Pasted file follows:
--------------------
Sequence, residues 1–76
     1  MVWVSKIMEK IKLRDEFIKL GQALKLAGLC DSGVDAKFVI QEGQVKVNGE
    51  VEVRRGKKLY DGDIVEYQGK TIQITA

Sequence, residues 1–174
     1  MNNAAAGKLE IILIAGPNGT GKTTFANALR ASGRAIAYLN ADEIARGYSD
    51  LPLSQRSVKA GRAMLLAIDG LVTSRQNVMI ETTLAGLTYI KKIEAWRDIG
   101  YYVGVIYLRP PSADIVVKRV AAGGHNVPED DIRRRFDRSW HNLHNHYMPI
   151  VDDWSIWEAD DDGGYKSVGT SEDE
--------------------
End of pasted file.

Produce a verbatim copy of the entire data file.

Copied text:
Sequence, residues 1–76
     1  MVWVSKIMEK IKLRDEFIKL GQALKLAGLC DSGVDAKFVI QEGQVKVNGE
    51  VEVRRGKKLY DGDIVEYQGK TIQITA

Sequence, residues 1–174
     1  MNNAAAGKLE IILIAGPNGT GKTTFANALR ASGRAIAYLN ADEIARGYSD
    51  LPLSQRSVKA GRAMLLAIDG LVTSRQNVMI ETTLAGLTYI KKIEAWRDIG
   101  YYVGVIYLRP PSADIVVKRV AAGGHNVPED DIRRRFDRSW HNLHNHYMPI
   151  VDDWSIWEAD DDGGYKSVGT SEDE